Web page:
New year


Happy New Year! This is the time of year when many people commit to New Year’s Resolutions. Common goals include getting in shape, eating healthier, and losing weight. Have you thought about implementing a similar resolution for your pet? Many pets are overweight or obese, which can lead to some serious health concerns. This year, make it a goal to get fit with your furry friend!     


Common causes of obesity include over-feeding and not enough exercise. Feeding table scraps and treats adds extra calories that can add up quickly. Other factors, such as the type of food, the individual pet’s metabolism, diseases, and genetic conditions can also play a role. Obesity can lead to a host of dangerous health concerns in dogs and cats, including arthritis, Diabetes, Hepatic Lipidosis, respiratory compromise, and increased surgical/anesthetic risk. Many of these conditions require life-long management; some are more severe, or even life-threatening. Extra weight also leads to an overall shorter lifespan. A recent study done by Purina found that dogs with an ideal body condition lived an average of 2.5 years longer than overweight dogs. Imagine adding years to your pet’s life, just by keeping them at a healthy body weight.   


What can you do to help keep your pet at an ideal weight? Diet and exercise are important factors to keep in mind. Each pet’s lifestyle is different, and activity levels can vary throughout the year. Feeding more when they are able to get more exercise and cutting back on food volumes at less active times can help to maintain an ideal body condition. To increase exercise, gradually increase the length and frequency of walks and the amount of daily playtime. Interactive toys such as feather toys and laser pointers can help indoor cats become more active. As far as dietary management, meal feeding is ideal, as free feeding can encourage pets to over-eat. It’s important to keep in mind that different brands of food contain different amounts of calories. The guidelines on the back of the bag are a good place to start, but beware that they are often too generous. There are also specially-formulated prescription diet foods that can help with weight management, available through veterinarians. Cutting back on treats is also a good way to encourage weight loss. Giving treats can be a positive experience, and luckily there is a way to keep both the cost and the calories low - try keeping some of your pet’s regular kibble in a separate jar and using that as treats instead of buying the higher calorie treats. In addition to diet and exercise, it’s a good idea to rule out any health issues that can cause obesity, such as thyroid issues and Cushing’s disease. Regular bloodwork can reveal many of the underlying conditions that could contribute to weight gain.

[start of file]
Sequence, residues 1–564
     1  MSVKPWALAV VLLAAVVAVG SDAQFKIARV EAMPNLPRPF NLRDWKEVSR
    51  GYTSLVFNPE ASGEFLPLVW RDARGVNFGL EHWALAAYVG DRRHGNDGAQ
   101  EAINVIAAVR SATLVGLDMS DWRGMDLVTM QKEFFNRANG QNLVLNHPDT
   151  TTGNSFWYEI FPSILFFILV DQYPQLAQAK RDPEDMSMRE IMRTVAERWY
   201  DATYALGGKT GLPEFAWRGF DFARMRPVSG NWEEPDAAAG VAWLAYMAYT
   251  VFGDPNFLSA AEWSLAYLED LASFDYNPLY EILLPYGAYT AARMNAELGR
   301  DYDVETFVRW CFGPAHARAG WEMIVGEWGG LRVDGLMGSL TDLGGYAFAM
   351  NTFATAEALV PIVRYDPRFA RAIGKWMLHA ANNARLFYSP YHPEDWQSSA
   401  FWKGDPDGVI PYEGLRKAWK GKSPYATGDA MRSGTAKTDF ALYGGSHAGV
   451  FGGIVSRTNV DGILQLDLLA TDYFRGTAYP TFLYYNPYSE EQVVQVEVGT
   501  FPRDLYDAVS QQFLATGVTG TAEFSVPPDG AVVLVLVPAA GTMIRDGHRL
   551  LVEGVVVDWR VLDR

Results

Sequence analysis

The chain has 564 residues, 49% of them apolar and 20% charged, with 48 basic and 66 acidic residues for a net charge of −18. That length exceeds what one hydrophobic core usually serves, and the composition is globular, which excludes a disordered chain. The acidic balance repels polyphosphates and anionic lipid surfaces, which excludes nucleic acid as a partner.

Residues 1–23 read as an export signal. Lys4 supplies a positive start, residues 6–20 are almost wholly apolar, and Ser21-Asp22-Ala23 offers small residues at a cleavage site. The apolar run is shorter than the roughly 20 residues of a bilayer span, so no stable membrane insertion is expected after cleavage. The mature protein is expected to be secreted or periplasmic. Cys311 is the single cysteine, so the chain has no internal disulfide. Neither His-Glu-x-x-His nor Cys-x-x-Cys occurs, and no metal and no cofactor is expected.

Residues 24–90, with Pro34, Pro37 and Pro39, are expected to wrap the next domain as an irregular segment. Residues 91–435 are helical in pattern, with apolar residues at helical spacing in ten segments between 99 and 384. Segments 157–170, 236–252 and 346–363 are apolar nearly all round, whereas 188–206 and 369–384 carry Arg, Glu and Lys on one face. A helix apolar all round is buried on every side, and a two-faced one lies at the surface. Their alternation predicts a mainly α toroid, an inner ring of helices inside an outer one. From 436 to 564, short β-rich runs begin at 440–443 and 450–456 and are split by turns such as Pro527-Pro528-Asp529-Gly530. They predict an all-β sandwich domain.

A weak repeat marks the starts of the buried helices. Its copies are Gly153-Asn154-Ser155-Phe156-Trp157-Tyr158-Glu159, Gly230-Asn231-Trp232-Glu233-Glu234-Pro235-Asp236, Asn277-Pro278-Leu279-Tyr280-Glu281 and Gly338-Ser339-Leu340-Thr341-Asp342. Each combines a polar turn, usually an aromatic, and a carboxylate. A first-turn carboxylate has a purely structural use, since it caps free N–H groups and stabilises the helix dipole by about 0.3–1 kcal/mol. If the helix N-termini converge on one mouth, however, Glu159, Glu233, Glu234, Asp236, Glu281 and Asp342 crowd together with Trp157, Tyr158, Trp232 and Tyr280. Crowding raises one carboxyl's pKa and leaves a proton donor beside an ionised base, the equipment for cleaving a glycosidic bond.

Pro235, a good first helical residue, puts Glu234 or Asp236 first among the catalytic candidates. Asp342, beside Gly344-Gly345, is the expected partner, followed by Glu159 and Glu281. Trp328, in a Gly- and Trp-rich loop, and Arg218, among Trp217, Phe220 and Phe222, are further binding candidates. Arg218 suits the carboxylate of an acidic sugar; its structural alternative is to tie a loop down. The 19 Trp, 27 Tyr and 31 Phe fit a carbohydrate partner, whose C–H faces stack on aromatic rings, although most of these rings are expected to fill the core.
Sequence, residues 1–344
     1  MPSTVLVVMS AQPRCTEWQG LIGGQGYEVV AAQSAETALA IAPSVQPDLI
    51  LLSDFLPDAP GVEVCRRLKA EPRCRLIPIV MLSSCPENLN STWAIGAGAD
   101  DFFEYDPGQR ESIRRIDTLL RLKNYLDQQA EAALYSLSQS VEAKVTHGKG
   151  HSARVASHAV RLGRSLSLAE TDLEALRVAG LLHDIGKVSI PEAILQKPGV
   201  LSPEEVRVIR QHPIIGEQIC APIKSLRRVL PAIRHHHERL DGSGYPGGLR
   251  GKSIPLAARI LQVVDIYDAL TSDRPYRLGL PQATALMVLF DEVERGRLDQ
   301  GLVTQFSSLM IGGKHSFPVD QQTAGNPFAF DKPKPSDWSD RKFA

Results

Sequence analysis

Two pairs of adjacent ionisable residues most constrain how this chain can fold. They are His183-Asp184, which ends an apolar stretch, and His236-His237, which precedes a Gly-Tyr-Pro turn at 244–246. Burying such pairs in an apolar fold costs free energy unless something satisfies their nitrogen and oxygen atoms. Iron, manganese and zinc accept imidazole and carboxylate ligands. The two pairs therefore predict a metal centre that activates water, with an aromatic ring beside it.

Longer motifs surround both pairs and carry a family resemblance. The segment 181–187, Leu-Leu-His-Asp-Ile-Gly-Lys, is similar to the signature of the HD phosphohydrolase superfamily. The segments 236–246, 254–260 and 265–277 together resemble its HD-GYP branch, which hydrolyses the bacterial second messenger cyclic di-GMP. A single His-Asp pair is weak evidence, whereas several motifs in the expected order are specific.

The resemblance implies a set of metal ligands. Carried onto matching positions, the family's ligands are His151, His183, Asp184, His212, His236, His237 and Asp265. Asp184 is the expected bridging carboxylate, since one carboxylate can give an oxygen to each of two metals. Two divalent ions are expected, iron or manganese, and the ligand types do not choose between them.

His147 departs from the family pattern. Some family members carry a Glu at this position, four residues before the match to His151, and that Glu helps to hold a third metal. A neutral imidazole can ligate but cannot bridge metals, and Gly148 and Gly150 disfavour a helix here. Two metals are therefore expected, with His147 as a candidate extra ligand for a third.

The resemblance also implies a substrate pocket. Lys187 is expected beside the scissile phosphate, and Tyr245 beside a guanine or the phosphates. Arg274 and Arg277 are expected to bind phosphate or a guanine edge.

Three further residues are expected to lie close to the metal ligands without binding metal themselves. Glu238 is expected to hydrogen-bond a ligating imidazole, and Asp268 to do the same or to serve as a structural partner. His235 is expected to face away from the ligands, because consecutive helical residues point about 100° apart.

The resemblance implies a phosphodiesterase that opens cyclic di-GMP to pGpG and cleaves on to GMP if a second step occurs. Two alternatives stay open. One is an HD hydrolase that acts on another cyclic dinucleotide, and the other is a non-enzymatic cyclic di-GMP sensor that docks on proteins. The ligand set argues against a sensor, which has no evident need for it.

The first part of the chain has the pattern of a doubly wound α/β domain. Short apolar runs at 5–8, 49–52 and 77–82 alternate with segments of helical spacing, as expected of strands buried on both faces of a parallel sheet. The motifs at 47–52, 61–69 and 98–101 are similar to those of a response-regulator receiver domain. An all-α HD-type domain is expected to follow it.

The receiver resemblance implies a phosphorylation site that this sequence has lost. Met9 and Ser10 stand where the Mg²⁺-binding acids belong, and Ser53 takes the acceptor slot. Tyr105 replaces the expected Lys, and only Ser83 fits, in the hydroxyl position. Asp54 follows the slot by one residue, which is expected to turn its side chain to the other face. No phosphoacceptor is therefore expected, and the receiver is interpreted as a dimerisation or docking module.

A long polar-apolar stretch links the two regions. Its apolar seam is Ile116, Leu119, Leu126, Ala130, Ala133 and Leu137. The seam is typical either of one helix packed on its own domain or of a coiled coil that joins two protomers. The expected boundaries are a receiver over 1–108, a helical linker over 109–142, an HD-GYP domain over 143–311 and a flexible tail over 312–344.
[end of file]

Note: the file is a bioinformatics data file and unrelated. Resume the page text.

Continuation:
Checking your pet’s weight regularly can be helpful. The best way to keep track of your pet’s body condition, however, is not necessarily by weight alone. Body condition scoring is a more reliable indicator of a healthy size. Feeling the ribs is the best way to judge body condition. Ideally, the ribs should be easily felt and should feel like the back of your hand. If you have to push through a layer of fat to feel the ribs, this indicates that there is extra weight. If ribs cannot be felt at all, the pet may be considered obese. When looking at the body’s appearance, the waist should appear narrower than the chest. Please see the body condition chart below for images of underweight, ideal, and overweight pets.   




Getting to an ideal weight (#3 on the body condition chart) will help your pet live a healthier and longer life. Please let us know if you have any questions about weight management, and have a safe and happy start to 2014!